Senators Make Poor Presidential Candidates

by Will on March 12, 2013

Senator Henry Clay: Always the bridesmaid, never the bride

In following horse-race political reporting, I notice a lot of discussion of senators as possible presidential candidates. For instance, freshman senators Rand Paul, Marco Rubio, and Ted Cruz are often mentioned these days as likely candidates in 2016.  This strikes me as peculiar, given that there are few examples of sitting senators succeeding in presidential contests.

Only four sitting senators have ever won election to the presidency. These were Franklin Peirce, Warren G. Harding, John F. Kennedy, and the current president. Every other candidate to win the presidency had served as either a governor, a general, a prominent secretary in the cabinet, or vice president, with the anomalous exceptions of Lincoln and Garfield, whose highest office was the house of representatives.

In each of these four cases, the candidate won under unusual circumstances. Peirce ran virtually unopposed, as the national Whig party had dissolved and its candidate had no prayer of winning. Harding’s opponent was a mere congressman (from Harding’s home state of Ohio, mooting any “favorite son” support he might have received). Moreover, Wilson had thoroughly ruined the reputation of the Democratic party, much as George W. Bush would later do for the Republicans. Kennedy’s margin of victory was extremely narrow, and probably depended on electoral fraud in Mayor Daley’s Chicago. Obama was running against another senator, so the public was going to be stuck with a senator no matter who they voted for (this was also true in the Democratic primary). Give the people a decent choice, I contend, and they will reject the senator every time. The list of failed senator candidates for president is considerable: Henry Clay (twice), John C. Fremont, John Breckinridge, Stephen Douglas, Barry Goldwater, George McGovern, Bob Dole, John Kerry, and John McCain. Senators rarely even win their party’s nomination.*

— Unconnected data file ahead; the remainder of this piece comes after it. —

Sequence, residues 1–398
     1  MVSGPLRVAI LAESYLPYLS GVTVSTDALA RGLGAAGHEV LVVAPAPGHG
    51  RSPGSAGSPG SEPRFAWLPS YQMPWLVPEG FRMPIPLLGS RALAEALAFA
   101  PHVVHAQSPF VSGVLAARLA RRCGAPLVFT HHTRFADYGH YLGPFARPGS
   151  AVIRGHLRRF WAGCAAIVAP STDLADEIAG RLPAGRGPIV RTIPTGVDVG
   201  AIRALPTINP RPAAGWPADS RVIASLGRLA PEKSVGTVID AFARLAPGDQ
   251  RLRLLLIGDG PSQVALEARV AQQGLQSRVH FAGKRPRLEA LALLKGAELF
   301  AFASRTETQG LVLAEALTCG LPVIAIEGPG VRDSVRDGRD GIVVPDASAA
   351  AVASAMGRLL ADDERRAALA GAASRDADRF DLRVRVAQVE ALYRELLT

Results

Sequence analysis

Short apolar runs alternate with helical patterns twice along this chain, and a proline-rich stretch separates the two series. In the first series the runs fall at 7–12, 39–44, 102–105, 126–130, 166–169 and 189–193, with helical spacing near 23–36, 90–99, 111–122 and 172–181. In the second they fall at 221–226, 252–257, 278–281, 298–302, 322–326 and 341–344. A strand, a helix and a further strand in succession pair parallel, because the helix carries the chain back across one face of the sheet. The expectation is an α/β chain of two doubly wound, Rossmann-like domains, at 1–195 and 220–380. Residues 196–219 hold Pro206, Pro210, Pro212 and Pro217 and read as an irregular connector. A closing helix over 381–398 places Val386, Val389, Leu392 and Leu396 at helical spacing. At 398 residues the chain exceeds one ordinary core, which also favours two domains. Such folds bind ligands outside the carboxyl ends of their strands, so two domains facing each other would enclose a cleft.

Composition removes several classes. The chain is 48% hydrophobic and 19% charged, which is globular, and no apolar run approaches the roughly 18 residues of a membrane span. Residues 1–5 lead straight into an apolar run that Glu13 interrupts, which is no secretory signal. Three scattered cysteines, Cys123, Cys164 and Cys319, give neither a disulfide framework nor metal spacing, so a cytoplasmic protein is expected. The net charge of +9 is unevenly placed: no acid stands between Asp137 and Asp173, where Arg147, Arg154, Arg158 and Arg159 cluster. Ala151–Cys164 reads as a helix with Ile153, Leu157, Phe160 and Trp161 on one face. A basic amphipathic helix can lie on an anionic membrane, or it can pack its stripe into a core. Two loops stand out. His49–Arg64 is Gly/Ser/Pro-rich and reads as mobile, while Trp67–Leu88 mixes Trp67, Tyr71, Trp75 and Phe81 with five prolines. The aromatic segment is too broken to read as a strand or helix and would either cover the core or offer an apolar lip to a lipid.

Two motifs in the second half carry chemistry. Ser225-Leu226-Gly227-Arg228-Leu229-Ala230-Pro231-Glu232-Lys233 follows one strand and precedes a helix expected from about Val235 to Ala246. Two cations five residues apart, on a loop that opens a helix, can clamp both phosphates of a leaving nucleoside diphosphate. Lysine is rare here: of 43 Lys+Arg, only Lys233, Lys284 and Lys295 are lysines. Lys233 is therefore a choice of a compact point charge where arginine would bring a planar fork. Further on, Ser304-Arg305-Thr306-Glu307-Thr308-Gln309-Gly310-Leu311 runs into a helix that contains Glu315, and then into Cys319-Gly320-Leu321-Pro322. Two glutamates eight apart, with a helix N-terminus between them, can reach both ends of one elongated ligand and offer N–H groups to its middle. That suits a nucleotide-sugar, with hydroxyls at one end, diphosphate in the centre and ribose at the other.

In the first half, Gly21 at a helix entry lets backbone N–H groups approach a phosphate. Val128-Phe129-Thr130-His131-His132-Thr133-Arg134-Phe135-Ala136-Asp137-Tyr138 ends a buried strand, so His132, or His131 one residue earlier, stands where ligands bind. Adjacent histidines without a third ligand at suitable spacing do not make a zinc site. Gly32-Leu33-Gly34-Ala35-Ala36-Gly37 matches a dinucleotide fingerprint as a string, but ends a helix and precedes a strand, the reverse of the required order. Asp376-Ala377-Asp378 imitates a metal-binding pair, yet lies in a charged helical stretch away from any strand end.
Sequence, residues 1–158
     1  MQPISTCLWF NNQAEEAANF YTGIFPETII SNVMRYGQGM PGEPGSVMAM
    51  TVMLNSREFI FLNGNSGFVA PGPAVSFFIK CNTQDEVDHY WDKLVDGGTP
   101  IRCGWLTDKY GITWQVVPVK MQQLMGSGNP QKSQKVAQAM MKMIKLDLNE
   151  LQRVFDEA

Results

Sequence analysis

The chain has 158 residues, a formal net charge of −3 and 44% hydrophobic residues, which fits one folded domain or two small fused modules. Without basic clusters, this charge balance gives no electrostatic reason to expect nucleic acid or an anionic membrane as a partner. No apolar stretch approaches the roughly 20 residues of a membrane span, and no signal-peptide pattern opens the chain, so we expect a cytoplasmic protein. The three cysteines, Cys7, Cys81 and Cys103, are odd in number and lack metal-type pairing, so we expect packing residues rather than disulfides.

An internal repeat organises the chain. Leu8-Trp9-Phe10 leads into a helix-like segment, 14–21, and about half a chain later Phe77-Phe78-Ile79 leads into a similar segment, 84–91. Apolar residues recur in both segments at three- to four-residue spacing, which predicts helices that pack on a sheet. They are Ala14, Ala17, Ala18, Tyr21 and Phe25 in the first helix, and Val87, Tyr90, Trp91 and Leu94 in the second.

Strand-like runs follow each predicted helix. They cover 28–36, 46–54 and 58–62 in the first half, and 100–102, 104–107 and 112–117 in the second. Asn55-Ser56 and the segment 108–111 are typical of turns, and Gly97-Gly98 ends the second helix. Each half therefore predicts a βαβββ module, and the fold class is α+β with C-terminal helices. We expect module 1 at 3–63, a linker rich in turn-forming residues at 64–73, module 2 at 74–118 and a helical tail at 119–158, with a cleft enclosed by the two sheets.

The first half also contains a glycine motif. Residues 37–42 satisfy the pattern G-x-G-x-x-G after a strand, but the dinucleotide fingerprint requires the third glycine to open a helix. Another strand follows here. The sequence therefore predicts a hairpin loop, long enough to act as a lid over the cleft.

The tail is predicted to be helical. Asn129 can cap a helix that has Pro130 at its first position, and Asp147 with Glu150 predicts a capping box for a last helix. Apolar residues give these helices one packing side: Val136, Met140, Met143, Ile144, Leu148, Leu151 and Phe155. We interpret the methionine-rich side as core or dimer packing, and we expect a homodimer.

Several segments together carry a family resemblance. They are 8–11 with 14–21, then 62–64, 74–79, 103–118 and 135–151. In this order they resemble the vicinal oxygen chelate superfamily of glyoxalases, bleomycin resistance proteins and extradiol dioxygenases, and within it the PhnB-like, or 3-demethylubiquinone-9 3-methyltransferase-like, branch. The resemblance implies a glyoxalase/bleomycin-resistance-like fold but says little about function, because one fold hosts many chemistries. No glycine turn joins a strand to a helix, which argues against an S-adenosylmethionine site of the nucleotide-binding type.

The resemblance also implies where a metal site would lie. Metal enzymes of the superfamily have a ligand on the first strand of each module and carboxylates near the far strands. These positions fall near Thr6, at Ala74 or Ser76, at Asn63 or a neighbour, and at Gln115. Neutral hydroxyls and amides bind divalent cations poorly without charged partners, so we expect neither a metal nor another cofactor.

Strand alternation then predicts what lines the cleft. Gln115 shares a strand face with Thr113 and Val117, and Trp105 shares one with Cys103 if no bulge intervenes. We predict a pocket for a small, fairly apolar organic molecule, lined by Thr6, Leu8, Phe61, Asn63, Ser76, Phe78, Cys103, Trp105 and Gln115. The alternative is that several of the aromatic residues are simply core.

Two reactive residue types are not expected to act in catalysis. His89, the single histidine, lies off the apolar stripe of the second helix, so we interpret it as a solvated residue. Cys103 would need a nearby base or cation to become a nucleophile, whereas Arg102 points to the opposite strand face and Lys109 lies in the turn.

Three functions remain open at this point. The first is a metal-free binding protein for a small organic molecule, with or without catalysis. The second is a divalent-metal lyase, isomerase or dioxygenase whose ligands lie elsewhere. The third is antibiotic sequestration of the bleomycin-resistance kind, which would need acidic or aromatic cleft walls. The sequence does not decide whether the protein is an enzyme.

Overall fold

Why is this? I think it’s easy enough to explain. People reasonably prefer a candidate who has leadership experience. Senators don’t have the responsibility that someone running a state, or a military unit, or a department would show themselves to have. Another likely reason is that senators have a paper trail on all national issues of recent controversy. Executive and military figures can often steer clear of such debates and take vague, ambiguous positions when they must take any. Senators, however, have to vote. One-time senators who serve in the cabinet or as vice president can redeem themselves, because they have years in which to form a public identity independent of their senate careers. Sitting senators have no such luxury. Lastly, the senate is a ridiculous institution. More than any other part of the government, it tends to attract pompous, self-important, ludicrous individuals. Its members are also all ridiculously rich. Since the most popular campaign tactic in American politics, going back to 1828 if not 1800, has been to portray one’s opponent as an aloof, out-of-touch aristocrat, most senators’ personality and lifestyle make them sitting ducks.

In short, it is unlikely that any sitting senator will be a presidential candidate in 2016. More likely, the two parties’ candidates will come from statehouses, from cabinet positions, or from the higher ranks of the military.

*Diplomats, justices, and businessmen have had an even worse showing. Non-officer veterans are another notably overrated category.

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